Yes, that might be a good way to provide some context.
Try to be someone from their workplace--talk about who the archetype is in their workplace they'd like to practise talking to first.
How did everyone find that roleplay exercise?
[various:] good, enjoyed it, started off feeling unsure about the goal but realised that you can start talking about whatever and shift the conversation over: "Did you hear that Marcus quit recently? I heard he was really burned out too, like you were talking about." That's a very realistic topic: what happened, high emotion, etc.
The aim is to normalize and make natural starting these conversations. Pushing through that awkwardness, it's a normal thing to do.
▶ [Slide 18]
Our next part is Organise. We kind of covered this already. When organising, we don't want to tell people what to do, we want to work together, share the workload, and use everyone's skills.
Maybe they know how to program a site, maybe they know how to do teaching. Play to everyone's strengths. The union won't fail and flounder if one person gets ill or injured or dies.
▶ [Slide 19]
Inoculation is the practice of giving a bit of a bad thing to make you stronger against it.
As an organiser, you want to be realistic about the risks and difficulties, what the anti-union campaigns will be like, what people's worries will be.
Don't make false promises, promise pay rises, promise success. Be prepared that things will go bad that you have no control over.
A lot of blaseball is about things going bad that you have no control over, like [Ruby?] Tuesday.
Bosses do illegal shit all the time.
A fine is just how much it costs to do something illegal.
Collective action helps hold the boss accountable. The law will not reliably protect us.
▶ [Slide 20]
This exercise is usually 10, we're cutting it down.
We'll talk about fears and worries, what the boss's propaganda, tactics, and threats might be. Then we'll talk about responses.
"I could get fired."
What's a response to that? Talk out loud if you want.
If you're on the verge of going public, you can use someone getting fired as the story.
I'd find that compelling, but I'm a single person with no family to feed, if you had kids and a mortgage that would be harder. What about saying, "We don't need you to be a front-line worker, you can be shielded from the immediate fallout"?
And making sure you don't move until you're ready to move all at once, because it's harder to fire everyone.
If there's a clear leader, they might fire them "for unrelated reasons" for legal purposes, but it's because they organised.
If someone is fired, have them bring up a grievance, bring in union reps.
What else could you do?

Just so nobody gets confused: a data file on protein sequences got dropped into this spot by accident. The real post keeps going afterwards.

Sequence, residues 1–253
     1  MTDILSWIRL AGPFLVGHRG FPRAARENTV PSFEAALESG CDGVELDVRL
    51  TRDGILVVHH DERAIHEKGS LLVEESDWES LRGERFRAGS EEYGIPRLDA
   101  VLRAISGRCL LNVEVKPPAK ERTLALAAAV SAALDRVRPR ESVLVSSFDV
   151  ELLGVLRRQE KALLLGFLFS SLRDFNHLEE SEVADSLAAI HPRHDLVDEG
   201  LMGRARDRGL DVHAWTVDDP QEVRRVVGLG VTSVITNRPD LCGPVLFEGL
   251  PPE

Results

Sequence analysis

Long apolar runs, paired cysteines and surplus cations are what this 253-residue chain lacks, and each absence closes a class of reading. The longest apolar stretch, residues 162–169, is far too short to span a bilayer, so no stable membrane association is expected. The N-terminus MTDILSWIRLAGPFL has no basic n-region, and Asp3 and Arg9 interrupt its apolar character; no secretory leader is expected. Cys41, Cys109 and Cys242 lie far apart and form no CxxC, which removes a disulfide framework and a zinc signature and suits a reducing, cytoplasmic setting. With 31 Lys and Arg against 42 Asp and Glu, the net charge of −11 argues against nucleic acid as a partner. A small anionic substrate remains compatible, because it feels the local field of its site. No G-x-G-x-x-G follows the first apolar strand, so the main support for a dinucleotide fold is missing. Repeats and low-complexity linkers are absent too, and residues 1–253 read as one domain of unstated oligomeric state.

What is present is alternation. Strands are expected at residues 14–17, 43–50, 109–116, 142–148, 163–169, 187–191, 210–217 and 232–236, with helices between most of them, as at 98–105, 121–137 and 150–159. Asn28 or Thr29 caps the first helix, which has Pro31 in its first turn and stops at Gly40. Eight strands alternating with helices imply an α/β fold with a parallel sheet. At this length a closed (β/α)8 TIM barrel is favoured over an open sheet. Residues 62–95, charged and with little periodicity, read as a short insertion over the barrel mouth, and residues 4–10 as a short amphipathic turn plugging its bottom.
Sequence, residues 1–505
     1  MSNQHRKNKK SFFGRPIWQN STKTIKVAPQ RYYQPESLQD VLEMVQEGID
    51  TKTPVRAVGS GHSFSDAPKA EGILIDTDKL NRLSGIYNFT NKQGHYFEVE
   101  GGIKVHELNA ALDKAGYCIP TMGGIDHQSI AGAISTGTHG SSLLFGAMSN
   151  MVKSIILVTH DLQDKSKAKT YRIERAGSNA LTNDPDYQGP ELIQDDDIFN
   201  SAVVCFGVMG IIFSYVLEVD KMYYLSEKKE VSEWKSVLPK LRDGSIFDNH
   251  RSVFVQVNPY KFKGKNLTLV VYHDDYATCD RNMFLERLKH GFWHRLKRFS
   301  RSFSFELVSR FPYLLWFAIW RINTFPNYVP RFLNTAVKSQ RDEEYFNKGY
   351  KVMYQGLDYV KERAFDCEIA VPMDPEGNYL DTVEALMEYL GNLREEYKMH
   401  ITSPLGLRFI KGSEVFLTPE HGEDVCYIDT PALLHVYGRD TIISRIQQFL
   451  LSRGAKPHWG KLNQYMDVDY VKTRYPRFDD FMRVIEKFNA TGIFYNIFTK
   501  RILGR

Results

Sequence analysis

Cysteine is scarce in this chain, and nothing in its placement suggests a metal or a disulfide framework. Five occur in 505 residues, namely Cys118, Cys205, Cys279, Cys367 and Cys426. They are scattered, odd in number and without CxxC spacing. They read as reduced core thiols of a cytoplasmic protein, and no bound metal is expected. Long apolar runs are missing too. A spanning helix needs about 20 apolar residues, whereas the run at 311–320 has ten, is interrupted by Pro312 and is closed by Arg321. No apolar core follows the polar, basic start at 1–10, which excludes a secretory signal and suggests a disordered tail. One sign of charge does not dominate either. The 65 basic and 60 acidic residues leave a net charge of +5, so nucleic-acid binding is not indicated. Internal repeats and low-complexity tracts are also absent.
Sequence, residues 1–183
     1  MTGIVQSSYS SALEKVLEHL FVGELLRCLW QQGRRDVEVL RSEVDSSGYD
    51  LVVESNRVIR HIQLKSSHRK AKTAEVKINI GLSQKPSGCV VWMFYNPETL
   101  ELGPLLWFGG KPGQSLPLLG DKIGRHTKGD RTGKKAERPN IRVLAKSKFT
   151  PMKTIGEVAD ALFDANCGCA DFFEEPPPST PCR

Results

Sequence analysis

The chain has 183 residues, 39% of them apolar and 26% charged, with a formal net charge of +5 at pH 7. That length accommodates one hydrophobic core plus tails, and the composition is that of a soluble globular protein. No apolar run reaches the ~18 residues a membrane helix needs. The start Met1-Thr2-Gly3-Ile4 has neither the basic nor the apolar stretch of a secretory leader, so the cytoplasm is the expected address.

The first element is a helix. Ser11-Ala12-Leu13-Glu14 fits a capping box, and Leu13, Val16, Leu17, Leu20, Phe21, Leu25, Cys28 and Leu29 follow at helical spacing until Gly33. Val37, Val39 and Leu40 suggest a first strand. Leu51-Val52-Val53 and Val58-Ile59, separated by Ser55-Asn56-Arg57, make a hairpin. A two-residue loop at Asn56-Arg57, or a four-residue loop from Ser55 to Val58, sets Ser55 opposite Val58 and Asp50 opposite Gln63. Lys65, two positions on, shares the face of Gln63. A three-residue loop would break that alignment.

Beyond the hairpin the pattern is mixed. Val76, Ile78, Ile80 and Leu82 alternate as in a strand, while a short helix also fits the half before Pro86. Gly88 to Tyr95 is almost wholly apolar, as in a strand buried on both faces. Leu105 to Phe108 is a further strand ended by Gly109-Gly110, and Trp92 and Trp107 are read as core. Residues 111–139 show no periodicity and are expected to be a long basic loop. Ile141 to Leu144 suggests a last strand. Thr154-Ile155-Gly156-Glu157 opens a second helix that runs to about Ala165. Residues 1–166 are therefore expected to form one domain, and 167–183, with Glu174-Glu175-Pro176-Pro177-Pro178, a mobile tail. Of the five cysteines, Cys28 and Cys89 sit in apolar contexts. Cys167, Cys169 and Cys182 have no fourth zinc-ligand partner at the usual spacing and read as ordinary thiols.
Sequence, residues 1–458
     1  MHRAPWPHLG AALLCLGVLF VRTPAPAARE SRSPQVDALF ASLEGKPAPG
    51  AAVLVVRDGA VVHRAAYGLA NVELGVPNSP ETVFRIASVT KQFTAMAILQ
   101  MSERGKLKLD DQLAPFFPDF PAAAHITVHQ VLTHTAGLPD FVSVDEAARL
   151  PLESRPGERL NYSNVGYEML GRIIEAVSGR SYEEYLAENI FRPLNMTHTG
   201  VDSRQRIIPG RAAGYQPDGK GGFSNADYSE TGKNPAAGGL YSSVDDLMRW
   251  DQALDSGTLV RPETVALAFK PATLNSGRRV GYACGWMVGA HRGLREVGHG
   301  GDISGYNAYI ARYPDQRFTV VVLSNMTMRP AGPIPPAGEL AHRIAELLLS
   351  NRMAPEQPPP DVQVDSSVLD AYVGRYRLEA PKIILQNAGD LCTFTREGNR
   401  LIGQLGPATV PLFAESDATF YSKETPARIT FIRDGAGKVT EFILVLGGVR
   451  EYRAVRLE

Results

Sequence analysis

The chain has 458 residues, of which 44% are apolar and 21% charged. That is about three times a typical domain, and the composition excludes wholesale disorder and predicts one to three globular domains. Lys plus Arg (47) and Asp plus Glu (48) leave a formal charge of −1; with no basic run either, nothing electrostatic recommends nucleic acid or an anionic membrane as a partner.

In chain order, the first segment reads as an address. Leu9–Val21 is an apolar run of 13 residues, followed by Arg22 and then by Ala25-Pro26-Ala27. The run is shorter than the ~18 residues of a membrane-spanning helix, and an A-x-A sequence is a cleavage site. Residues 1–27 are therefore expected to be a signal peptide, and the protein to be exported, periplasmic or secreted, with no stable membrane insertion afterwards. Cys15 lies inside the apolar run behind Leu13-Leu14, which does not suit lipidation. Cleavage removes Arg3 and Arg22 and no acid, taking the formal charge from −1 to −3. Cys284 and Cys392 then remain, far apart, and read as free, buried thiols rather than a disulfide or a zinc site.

[various:] strike, slowdown, work to rule
What's another worry?
Being harassed for being a member of the union.
Even if they don't fire you, they might bully you.
Discussing amongst yourself, making sure that person is not alone with management, they always have someone with them to step in and say something, changing the tone or acting cheerfully oblivious to defuse that harassment.
If the boss starts talking shit about Cheryl, whom they know is a union member, maybe they have an ulterior motive.
Boss is talking shit. Join the union.
[Hesitant:] Go to HR maybe?
Document bullying/harassment for evidence for the future.
You can do it in ways that keep digital timestamps, take photographic or video evidence.
In the UK, harassment law is very strong, so bosses try to portray the union as harassing them.
Keeping evidence of times you've gone out of your way to be nice or helpful helps protect against this tactic.
You could get put on shit detail.
You're now cleaning the toilets. You're doing all the hard work, night shifts.
Anything to make you want to quit before they fire you. cut your hours if you're a shift worker.
Put you on a horrible job or one where you won't interact with anyone.
If you have a solid base of aspiring union members already, and the boss was trying to be under-the-table about it, having people be "Oh, I'll take a shift of that" so they don't have that excuse to put you on it exclusively.
A lot of workplaces let you swap shifts as long as the work gets done, so if you can sort that out to keep talking to people is good.
I know you need to not be working at three so you can pick your kid up from daycare, so can you take my night shift and I'll take your afternoon shift?
If the boss doesn't let you--
Frame it so other workers are switching with you.
It sounded like you wanted to say something, S---?